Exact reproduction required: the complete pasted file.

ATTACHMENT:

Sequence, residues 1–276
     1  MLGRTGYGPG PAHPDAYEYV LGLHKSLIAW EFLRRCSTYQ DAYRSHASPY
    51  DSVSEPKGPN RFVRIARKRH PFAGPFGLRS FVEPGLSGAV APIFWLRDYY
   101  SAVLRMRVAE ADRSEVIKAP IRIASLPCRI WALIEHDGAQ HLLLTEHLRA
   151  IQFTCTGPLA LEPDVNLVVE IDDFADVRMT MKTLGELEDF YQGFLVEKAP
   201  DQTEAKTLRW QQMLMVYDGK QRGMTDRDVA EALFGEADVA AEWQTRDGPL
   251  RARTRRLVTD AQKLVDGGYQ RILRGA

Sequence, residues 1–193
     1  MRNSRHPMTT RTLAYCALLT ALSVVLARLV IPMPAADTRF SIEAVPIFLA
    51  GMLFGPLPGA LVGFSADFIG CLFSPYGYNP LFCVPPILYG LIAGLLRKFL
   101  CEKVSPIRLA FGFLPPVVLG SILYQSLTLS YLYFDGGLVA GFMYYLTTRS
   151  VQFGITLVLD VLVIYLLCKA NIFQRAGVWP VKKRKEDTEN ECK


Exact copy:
Sequence, residues 1–276
     1  MLGRTGYGPG PAHPDAYEYV LGLHKSLIAW EFLRRCSTYQ DAYRSHASPY
    51  DSVSEPKGPN RFVRIARKRH PFAGPFGLRS FVEPGLSGAV APIFWLRDYY
   101  SAVLRMRVAE ADRSEVIKAP IRIASLPCRI WALIEHDGAQ HLLLTEHLRA
   151  IQFTCTGPLA LEPDVNLVVE IDDFADVRMT MKTLGELEDF YQGFLVEKAP
   201  DQTEAKTLRW QQMLMVYDGK QRGMTDRDVA EALFGEADVA AEWQTRDGPL
   251  RARTRRLVTD AQKLVDGGYQ RILRGA

Sequence, residues 1–193
     1  MRNSRHPMTT RTLAYCALLT ALSVVLARLV IPMPAADTRF SIEAVPIFLA
    51  GMLFGPLPGA LVGFSADFIG CLFSPYGYNP LFCVPPILYG LIAGLLRKFL
   101  CEKVSPIRLA FGFLPPVVLG SILYQSLTLS YLYFDGGLVA GFMYYLTTRS
   151  VQFGITLVLD VLVIYLLCKA NIFQRAGVWP VKKRKEDTEN ECK